“I loved the teachers there,” McNeal said. “The art teacher there helped point me in the right direction.”

Her high school art teacher and her English teacher encouraged her to challenge herself. After graduation, McNeal later earned her bachelor’s degree from Mississippi University for Women in 1976 in three years.

McNeal’s art education has been a lifelong pursuit. She applied to study with a successful pastel artist, Daniel Greene, in upstate New York in the summer after graduation. 

“He had this huge barn studio. It was an incredible place,” McNeal said.

Greene, who helped McNeal master pastels and hone her portraiture technique, was a significant influence on her art.

“We got to be really close, and we just painted — it was marvelous,” McNeal said. 

From that point on, McNeal regularly preferred pastels for commissioned portraits.

“He just opened my eyes to pastels,” McNeal said.

 McNeal never let herself get too comfortable with one style or technique. She was always looking for a challenge.

She completed an intensive three-month figure study class in Argenton-les-Vallées, a small village in Western France.

Since she had spent all of her artistic time in a studio, McNeal jumped at the chance to study plein air (painting outdoors) in France.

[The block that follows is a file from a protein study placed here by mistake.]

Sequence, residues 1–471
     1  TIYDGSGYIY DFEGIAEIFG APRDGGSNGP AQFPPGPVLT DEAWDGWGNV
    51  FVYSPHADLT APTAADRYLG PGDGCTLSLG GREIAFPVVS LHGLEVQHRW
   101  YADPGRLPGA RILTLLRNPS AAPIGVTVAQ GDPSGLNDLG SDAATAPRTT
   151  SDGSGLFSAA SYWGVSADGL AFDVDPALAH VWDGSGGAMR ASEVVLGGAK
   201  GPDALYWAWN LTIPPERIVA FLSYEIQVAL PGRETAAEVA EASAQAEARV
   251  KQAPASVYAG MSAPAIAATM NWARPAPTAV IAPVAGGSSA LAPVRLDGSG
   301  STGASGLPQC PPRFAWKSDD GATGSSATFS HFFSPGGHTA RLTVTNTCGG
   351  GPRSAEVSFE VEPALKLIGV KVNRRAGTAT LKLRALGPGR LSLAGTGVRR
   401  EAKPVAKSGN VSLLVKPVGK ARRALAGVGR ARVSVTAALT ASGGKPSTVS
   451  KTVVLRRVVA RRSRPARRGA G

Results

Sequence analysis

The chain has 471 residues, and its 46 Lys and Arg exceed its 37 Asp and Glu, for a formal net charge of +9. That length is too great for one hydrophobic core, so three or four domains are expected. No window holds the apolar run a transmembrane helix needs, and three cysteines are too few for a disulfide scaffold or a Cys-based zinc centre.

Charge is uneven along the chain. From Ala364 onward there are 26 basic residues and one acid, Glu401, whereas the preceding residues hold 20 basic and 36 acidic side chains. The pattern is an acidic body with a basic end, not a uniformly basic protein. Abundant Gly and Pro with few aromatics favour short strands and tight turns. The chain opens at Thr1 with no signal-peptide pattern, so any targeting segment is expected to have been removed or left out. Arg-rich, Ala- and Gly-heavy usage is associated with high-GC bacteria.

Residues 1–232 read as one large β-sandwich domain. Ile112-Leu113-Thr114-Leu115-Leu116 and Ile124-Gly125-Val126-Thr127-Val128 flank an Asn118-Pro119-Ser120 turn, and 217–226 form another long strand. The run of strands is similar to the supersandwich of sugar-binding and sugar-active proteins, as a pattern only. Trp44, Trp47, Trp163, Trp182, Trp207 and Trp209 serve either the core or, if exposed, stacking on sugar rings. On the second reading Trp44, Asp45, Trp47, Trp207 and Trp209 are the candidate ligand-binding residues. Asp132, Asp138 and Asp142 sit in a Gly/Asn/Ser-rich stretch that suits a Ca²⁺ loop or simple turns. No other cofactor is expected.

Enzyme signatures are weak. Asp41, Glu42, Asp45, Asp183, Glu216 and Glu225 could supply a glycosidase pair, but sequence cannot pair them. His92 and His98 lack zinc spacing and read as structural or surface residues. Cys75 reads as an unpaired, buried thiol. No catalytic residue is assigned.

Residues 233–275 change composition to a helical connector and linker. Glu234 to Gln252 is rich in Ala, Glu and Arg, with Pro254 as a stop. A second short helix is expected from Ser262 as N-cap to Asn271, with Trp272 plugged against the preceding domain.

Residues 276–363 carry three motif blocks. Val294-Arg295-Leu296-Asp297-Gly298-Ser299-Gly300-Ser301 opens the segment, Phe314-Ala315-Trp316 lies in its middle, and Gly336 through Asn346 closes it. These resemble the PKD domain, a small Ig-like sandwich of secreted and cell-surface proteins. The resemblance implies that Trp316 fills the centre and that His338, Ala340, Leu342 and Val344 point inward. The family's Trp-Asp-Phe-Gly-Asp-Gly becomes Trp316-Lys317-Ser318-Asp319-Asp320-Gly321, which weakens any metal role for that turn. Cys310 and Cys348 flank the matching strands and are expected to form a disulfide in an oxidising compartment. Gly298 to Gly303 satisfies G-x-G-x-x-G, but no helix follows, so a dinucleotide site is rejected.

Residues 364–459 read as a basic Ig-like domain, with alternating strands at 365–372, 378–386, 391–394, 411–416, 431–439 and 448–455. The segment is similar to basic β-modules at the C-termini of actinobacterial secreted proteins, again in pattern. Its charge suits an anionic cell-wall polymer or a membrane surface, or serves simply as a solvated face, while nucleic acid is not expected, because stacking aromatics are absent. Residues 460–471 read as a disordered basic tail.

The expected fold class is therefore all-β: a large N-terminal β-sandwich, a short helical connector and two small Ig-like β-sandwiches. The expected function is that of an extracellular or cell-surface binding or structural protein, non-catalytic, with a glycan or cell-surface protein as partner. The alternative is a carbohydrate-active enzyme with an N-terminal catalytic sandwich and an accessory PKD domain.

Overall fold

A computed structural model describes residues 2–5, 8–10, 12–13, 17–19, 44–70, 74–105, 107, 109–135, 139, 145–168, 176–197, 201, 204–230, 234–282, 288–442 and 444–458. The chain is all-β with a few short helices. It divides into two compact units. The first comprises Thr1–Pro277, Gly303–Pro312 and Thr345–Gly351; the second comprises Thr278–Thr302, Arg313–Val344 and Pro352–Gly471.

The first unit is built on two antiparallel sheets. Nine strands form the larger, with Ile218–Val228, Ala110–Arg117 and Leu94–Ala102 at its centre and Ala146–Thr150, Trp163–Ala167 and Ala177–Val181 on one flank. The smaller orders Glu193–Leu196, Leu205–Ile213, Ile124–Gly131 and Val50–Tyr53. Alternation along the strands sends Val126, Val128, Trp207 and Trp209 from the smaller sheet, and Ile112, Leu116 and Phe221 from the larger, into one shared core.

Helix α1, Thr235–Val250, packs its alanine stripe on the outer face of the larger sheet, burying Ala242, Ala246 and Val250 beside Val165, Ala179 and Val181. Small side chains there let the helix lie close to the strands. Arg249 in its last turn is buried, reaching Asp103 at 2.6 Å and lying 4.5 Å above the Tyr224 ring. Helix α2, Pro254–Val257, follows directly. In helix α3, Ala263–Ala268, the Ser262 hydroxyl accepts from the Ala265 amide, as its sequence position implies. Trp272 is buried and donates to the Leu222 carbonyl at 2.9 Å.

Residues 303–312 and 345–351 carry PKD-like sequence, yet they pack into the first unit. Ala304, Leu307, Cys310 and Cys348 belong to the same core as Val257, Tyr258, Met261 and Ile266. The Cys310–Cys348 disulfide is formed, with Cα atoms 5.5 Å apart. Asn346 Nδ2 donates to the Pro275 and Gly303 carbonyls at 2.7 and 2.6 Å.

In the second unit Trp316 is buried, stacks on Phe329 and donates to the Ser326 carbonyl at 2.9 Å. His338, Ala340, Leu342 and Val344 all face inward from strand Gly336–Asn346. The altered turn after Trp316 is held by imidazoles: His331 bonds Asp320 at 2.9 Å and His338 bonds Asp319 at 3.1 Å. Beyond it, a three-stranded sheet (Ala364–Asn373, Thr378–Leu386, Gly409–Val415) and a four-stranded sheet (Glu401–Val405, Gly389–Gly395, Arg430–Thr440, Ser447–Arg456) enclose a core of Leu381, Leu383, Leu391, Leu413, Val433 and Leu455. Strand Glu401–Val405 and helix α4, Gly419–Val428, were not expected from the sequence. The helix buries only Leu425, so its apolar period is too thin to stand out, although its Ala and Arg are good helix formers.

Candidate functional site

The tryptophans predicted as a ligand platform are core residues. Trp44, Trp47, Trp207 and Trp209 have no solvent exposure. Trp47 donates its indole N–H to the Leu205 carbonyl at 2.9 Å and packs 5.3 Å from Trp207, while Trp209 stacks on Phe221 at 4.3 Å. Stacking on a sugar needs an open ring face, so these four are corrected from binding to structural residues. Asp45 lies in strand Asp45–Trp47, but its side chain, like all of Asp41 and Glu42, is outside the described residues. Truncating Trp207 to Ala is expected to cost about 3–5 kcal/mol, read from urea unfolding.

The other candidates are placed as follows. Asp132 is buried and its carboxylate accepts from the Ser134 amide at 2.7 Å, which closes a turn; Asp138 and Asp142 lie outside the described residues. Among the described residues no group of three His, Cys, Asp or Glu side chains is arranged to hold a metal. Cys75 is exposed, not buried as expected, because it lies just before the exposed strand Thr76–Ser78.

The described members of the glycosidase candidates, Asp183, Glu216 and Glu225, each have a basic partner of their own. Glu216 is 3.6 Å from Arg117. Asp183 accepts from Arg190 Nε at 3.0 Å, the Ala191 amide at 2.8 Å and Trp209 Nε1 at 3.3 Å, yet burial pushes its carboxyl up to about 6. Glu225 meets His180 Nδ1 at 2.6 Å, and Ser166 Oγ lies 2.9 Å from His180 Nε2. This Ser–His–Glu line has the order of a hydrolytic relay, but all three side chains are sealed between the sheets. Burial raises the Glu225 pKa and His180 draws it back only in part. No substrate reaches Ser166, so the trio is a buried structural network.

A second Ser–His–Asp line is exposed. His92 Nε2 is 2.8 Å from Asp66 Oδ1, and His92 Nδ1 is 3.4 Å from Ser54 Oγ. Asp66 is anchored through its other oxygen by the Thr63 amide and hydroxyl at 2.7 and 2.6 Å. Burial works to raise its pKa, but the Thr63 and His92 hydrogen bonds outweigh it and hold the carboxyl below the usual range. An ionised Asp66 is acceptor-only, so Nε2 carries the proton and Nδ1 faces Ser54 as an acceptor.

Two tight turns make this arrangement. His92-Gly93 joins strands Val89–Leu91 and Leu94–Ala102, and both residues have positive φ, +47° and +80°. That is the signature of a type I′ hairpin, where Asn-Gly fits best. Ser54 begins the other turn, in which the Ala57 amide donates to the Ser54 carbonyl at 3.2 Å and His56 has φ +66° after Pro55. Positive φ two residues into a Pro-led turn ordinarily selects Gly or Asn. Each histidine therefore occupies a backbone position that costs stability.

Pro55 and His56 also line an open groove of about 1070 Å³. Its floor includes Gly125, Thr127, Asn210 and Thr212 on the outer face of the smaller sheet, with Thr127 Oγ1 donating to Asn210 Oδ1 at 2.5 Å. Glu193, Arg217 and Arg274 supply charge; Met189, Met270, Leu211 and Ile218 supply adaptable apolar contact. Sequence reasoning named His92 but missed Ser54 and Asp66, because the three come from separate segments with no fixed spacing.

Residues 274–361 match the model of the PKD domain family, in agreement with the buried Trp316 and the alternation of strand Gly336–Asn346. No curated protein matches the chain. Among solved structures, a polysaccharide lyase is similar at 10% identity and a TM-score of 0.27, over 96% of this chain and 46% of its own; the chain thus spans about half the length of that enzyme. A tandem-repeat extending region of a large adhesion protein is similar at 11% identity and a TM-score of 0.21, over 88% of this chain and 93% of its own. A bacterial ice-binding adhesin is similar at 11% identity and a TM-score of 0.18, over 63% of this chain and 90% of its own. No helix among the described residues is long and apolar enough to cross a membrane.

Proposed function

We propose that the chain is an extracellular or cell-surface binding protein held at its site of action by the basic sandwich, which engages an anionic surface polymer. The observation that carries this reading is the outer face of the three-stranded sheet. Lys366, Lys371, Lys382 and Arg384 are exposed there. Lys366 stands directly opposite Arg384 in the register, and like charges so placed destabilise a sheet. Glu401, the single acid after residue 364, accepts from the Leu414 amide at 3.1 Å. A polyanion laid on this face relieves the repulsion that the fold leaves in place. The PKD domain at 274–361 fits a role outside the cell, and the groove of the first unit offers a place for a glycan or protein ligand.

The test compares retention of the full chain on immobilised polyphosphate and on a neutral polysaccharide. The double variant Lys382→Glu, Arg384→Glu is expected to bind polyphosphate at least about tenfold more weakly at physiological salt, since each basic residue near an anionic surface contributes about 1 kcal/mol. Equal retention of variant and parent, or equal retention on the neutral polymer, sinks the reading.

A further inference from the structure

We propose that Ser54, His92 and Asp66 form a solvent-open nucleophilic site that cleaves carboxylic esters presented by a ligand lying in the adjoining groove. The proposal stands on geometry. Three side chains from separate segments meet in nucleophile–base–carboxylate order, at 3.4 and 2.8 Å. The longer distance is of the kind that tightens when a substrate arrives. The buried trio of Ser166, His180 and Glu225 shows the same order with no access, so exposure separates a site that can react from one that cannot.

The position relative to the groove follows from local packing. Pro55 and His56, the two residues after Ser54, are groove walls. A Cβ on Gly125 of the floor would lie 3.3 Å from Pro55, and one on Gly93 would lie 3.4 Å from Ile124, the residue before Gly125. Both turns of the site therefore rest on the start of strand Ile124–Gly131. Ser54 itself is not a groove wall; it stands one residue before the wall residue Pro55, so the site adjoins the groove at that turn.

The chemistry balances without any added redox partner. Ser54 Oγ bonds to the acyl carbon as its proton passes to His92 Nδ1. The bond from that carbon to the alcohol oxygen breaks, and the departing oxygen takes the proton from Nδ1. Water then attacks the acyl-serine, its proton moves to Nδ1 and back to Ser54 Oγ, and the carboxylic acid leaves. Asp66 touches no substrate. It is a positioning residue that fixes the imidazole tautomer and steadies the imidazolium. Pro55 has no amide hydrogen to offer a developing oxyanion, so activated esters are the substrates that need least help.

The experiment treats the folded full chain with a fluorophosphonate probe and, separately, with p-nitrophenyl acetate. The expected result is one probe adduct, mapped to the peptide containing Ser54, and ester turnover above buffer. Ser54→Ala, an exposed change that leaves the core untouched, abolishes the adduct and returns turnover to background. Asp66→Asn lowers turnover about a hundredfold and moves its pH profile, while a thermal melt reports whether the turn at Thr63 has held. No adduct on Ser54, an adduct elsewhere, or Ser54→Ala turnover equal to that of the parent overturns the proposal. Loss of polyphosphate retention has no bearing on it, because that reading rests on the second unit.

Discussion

She spent five weeks with a class of 30 other artists. She studied in plein air for an entire summer in Florence, Italy, with Marc Dalessio. 

“He really gave me some great pointers for plein air work,” McNeal said. “I give those ideas out today (to other artists) because they were so helpful.”

In between painting, McNeal walked the halls of some of the most famous art museums in the world. The experience changed her life.

“I could see art that I had only seen in art books. It was a spiritual experience,” she said. “It was a really special summer.”

In Jackson, McNeal moved to several private studios before she settled in above Hal and Mal’s, where she worked for 10 years, taking commissions and designing on the side to make ends meet.

When she was not painting in her studio, she battled the elements to capture the landscapes of Mississippi with the same techniques she used to capture the ancient architecture in Italy. 

Plein air is not always glamourous and relaxing because an artist must bring their own garbage bags and water to drink, and — depending on how rural the site will be — toilet paper.

“You’re going out into the elements….Studio versus plein air painting is a whole different ball game,” she said. “Studio is a very controlled environment. Plein air is more volatile and tedious.”

 Besides being on the Sun’s time, every brush and paint pot must be carted around with everything else. 

“Be limited, limit what you can there,” was the advice Dalessio gave her. 

Since she paints in oil, the paints do not dry out as fast. She limits herself to very few brushes and paints, mixing primary shades when necessary.

“Most of the colors I can make with a limited palette,” she said.